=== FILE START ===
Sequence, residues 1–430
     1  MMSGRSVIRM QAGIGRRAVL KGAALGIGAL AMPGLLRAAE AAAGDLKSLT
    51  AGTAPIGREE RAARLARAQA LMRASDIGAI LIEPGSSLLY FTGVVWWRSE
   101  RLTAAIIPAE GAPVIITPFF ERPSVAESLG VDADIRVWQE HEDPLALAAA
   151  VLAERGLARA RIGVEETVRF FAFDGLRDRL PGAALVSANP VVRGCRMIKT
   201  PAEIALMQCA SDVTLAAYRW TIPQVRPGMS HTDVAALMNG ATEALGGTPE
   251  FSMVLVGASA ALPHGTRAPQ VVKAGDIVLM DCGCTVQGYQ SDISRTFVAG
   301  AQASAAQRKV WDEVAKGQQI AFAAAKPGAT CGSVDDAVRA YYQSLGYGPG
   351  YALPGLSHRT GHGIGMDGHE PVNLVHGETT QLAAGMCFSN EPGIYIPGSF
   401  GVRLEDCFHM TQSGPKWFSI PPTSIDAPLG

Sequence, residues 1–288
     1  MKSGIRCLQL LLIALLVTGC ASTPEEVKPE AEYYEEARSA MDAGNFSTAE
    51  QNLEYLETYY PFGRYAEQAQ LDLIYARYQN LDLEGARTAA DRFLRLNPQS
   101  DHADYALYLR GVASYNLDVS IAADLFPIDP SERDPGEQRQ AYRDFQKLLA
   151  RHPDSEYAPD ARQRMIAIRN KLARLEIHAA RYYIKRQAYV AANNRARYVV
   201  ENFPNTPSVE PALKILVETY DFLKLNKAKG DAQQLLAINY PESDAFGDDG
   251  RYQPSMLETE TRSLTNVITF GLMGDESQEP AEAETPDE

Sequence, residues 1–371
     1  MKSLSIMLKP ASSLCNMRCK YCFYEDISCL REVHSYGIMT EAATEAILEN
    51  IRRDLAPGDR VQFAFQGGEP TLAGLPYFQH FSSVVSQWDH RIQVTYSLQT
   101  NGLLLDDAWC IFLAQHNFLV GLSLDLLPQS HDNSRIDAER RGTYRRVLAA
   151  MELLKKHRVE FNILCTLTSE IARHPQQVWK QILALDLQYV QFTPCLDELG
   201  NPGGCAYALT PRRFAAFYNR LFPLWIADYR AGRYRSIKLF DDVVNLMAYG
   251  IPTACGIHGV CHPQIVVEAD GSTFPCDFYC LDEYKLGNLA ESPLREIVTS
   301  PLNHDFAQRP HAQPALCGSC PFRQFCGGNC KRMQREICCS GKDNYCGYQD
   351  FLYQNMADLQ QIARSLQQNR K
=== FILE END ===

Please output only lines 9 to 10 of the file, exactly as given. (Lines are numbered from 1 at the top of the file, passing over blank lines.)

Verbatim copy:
   351  YALPGLSHRT GHGIGMDGHE PVNLVHGETT QLAAGMCFSN EPGIYIPGSF
   401  GVRLEDCFHM TQSGPKWFSI PPTSIDAPLG